improv is better. i reckon. improv is better because stand-up comedians try and do it and they usually can't, and when i saw 20 improvisers do stand-up as an experiment they were largely brilliant. that means improv is harder (fight me). you probably won't have seen the improvisers-try-their-hand-at-stand-up show (most of the population of the world didn't make it), but the standard of stand-up was surprisingly high. actually, using the word 'surprisingly' takes away from how good it was. it was consistently brilliant.

as a contra, try watching an episode of Mock The Week - a quiz show that's apparently a bunch of stand-up comics improvising funny answers to questions and mini stand-up routines based on suggestions. but you see that it's not improvised, right?
you see that they have rehearsed the show and had all day to come up with the 'funny', right?
you can tell by their delivery, right?

okay, if you don't see that you should definitely get yourself to an impro show, because your mind will literally be blown out of the top of your head. literally.

i find impro better because it is about improving the world. it is about collaboration. it is about people working together to make something wonderful happen. an impro group will work as a team to build something out of nothing using only the power of their wit and the relationships they've formed with each other. new worlds, new characters, new situations. new places, stories, relationships, issues, songs, ideas... more more more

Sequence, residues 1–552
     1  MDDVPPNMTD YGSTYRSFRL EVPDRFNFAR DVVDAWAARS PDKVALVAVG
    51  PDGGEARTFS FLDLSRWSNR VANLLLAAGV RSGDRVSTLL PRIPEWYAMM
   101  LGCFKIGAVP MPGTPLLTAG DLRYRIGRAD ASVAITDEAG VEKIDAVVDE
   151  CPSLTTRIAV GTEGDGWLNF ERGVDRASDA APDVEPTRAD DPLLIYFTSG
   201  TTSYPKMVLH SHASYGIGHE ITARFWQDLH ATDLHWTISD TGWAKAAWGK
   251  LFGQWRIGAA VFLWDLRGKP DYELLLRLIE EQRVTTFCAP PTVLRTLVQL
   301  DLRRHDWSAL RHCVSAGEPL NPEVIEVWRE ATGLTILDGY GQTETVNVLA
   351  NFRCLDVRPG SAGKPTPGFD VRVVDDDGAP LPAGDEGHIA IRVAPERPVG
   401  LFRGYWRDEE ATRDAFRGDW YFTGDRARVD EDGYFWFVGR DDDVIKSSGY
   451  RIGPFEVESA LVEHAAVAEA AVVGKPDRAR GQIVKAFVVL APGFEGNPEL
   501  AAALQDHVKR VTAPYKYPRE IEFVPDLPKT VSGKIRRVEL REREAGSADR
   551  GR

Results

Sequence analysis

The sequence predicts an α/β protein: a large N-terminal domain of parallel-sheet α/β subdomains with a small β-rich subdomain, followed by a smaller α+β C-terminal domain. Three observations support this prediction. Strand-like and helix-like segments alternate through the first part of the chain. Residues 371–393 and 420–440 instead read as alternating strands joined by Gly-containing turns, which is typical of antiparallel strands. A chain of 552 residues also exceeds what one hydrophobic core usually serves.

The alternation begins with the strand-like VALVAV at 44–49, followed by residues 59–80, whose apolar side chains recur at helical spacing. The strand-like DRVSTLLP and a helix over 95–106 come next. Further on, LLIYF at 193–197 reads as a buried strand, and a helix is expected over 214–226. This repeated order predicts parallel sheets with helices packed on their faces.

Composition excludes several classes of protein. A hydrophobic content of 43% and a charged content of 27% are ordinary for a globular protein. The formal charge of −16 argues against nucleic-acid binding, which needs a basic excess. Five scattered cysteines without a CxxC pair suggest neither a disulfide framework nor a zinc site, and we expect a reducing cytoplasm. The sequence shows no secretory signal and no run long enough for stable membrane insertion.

"improv is constructive, stand-up is destructive." - me
there's a tag line for you.

stand-up seeks to - yes - explore the world, but then it deconstructs it into it's component parts to find the subtle and not-so-subtle nuances that make life on earth ridiculous and amusing. it is holding a mirror up to ourselves and taking the piss out of the crazy nature of living. "people do silly things at weddings, don't they?" "the government are a bunch of numpty's, aren't they?" "here is a pun" that sort of thing.

stand-up uses what's already there. improv makes something new.

there are of course, exceptions. there are a lot of great stand-ups who do great comedy. it tends to be the ones that have a constructive comedy routine that make me laugh the most.
- eddie izzard, for example. he creates weird and wonderful situations out of every day objects. he adds to the world to find the comedy. (he is also a trained improviser, trained by a brilliant improviser i know called alan marriott.)
- bill bailey... creates songs for his performances.
- ross noble is brilliant. ross noble improvises his entire set and it's different every nigh... what..? wait a minute.. yes, he improvises every gig. oh. he's an improviser.
- daniel kitson is warm, generous and offers you comedy on a plate of his mum's best china. he also writes plays.
- steve coogan created alan partridge.
- russell howard .. is animproviser.
- michael legge .. is an improviser.
- nina conti is hilarious, has a fantastic relationship with her ventriloquist puppet monkey and... oh yeah, hang on, she's an improviser too.